katastro.fi office, summer 1999 (photo by Juha Huuskonen)
After a long time of procrastination (a year or two) I’ll finally publish a few blog posts about the mismatch between new emerging culture and the established cultural institutions in Finland.
During the past 15 years (ever since katastro.fi did its first projects in Kiasma in 1998) I’ve been helping various grassroot projects to gain visibility and access to resources such as public funding. This has often been a paradoxical task, since most of the new, independent cultural projects have an uneasy relationship towards money, power and institutions.
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Some prominent examples of new Finnish culture include Ravintolapäivä / Restaurant Day, Siivouspäivä / Cleaning Day, Kallio-liike, Open Knowledge Finland and Avoin ministeriä / Open Ministry. What is peculiar about this new wave of cultural organisations is that many of them don’t necessarily want to be labeled as culture at all. Or if the label ‘culture’ is accepted, the attitude towards institutions (and institutionalization) is more or less averse.
During the past decades, various national cultural institutions were set up. These institutions defend the rights of individual cultural workers and organisations, document & archive the work, engage in developing education & research, lobby for funding and coordinate national & international promotion.
Opposed to this, the current trend is to base the activities around informal social networks which are not hindered by annoying bureaucracy. With this approach one can make amazing things happen with very little resources. The obvious downside is that the resources are indeed very sparse – compromises might have to be made and continuity of the activities is uncertain. For many projects this is not a problem – people are happy to move on and start doing other things when the project runs out of steam. There was recently a good discussion about this on the FB-wall of Timo Santala (in Finnish).
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Projects based on volunteering can run fine as long as their scale remains relatively small. Problems easily arise if a project suddenly become successful. One day you might be in a situation where your activities reach thousands of people, you receive invitations to various important national and international events, you spend a lot of time in interviews & preparing material for the media, you get invited to participate in various expert committees and working groups, etc. And in addition you of course need to keep the actual project going. And no one is willing to pay you anything for all of this, which makes it very difficult to handle the situation. Which in turn is frustrating, since the thing that you have set up with a lot of love, care and effort is gaining momentum and not following along would seem like a big loss.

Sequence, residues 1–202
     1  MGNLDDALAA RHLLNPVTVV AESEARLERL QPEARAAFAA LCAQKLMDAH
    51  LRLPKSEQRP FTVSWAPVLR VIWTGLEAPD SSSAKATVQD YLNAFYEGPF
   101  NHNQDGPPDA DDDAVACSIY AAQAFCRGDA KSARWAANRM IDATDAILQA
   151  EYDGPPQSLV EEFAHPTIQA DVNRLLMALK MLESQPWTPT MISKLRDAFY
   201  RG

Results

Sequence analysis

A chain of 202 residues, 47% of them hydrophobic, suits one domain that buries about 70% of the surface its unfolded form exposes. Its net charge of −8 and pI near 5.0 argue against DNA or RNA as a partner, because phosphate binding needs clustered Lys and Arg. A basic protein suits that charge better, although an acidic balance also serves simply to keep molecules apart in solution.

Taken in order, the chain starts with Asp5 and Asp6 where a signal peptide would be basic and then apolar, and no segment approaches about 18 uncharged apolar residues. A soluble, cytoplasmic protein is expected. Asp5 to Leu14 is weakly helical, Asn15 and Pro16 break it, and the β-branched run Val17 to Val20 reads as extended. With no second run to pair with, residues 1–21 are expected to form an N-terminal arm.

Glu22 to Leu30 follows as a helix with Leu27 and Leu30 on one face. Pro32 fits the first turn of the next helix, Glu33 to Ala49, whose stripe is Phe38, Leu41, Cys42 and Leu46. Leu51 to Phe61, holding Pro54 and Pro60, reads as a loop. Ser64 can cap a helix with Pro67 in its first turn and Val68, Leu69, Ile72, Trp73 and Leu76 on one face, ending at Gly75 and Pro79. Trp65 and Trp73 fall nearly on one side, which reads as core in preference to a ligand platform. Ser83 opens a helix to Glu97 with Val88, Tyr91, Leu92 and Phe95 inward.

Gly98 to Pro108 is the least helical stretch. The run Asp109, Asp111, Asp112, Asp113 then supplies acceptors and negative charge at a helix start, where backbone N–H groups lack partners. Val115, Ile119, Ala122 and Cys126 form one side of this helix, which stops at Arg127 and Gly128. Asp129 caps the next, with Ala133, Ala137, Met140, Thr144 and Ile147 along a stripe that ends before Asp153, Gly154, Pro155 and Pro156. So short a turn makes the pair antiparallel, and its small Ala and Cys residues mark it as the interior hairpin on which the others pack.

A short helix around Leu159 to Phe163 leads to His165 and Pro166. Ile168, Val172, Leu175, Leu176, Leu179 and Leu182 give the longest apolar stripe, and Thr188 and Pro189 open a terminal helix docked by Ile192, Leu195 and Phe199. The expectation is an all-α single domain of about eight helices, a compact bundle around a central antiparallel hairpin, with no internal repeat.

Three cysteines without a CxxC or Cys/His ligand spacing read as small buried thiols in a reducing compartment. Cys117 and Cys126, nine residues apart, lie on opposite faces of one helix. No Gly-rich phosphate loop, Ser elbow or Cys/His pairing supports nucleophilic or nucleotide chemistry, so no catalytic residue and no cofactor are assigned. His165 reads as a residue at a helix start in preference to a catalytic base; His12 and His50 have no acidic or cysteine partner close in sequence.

So, what are the options in this situation? In general there are three different paths one can follow, and in my opinion none of these options is ‘right one’ or ‘better’ than others. And often one needs to use all of these 3 approaches simultaneously.
- With careful planning and cool head you can keep your activities to basic minimum, and keep them running on volunteer basis, the same way as before. You might not be able to follow up on many opportunities, but such is life.
- You can try to find a way to commercialise the project or some aspects of it. For some projects this can happen naturally, for some this might be difficult – in order to make money, you would change some crucially important aspects of it. The project might become a thriving business, but it would essentially morph into a different project.
- You might try to get public cultural funding bodies to recognise the significance of your activities and grant you support so that you can continue to develop your activities.
My work has mostly focused on option 3 and this is because I have an ‘old school’ view on what culture is, or what it should be. I believe that it makes sense for the society to invest some of its resources to support the sustainability and development of culture, in the same way as we invest in research and education. This ‘traditional’ approach to culture has been out of fashion for a while already, but maybe the tide is turning – there are at least some signs of it in the UK (see articles in The Guardian & The Atlantic).
Perhaps one reason for the unpopularity of the public funding system is that it has some fundamental flaws which have made it virtually impossible for new players to get into the funding loop. All the funding for cultural organisations is already earmarked for existing established organisations and the system has been designed to maintain this status quo. This situation should be changed and it could be done by quite simple means. More about this in the following postings!
On the other hand, I think that new culture could learn something from the old established institutions. Or if not, then we should gain a better understanding of this new culture based on volunteering, meritocracy, precarious & fluid organisations, etc.
Ok, that’s enough for an introduction!
The links to the posts will appear here:
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Discussion in FB (in Finnish): https://www.facebook.com/juha.m.huuskonen/posts/10152146280534388
Juha, funny you should post that katastro.fi office photo just now — it’s from brothomstates’ band rehearsal just before a gig in Saunabar, 28th July 1999. I just happened to find a DAT recording of the gig a couple of days ago. 🙂
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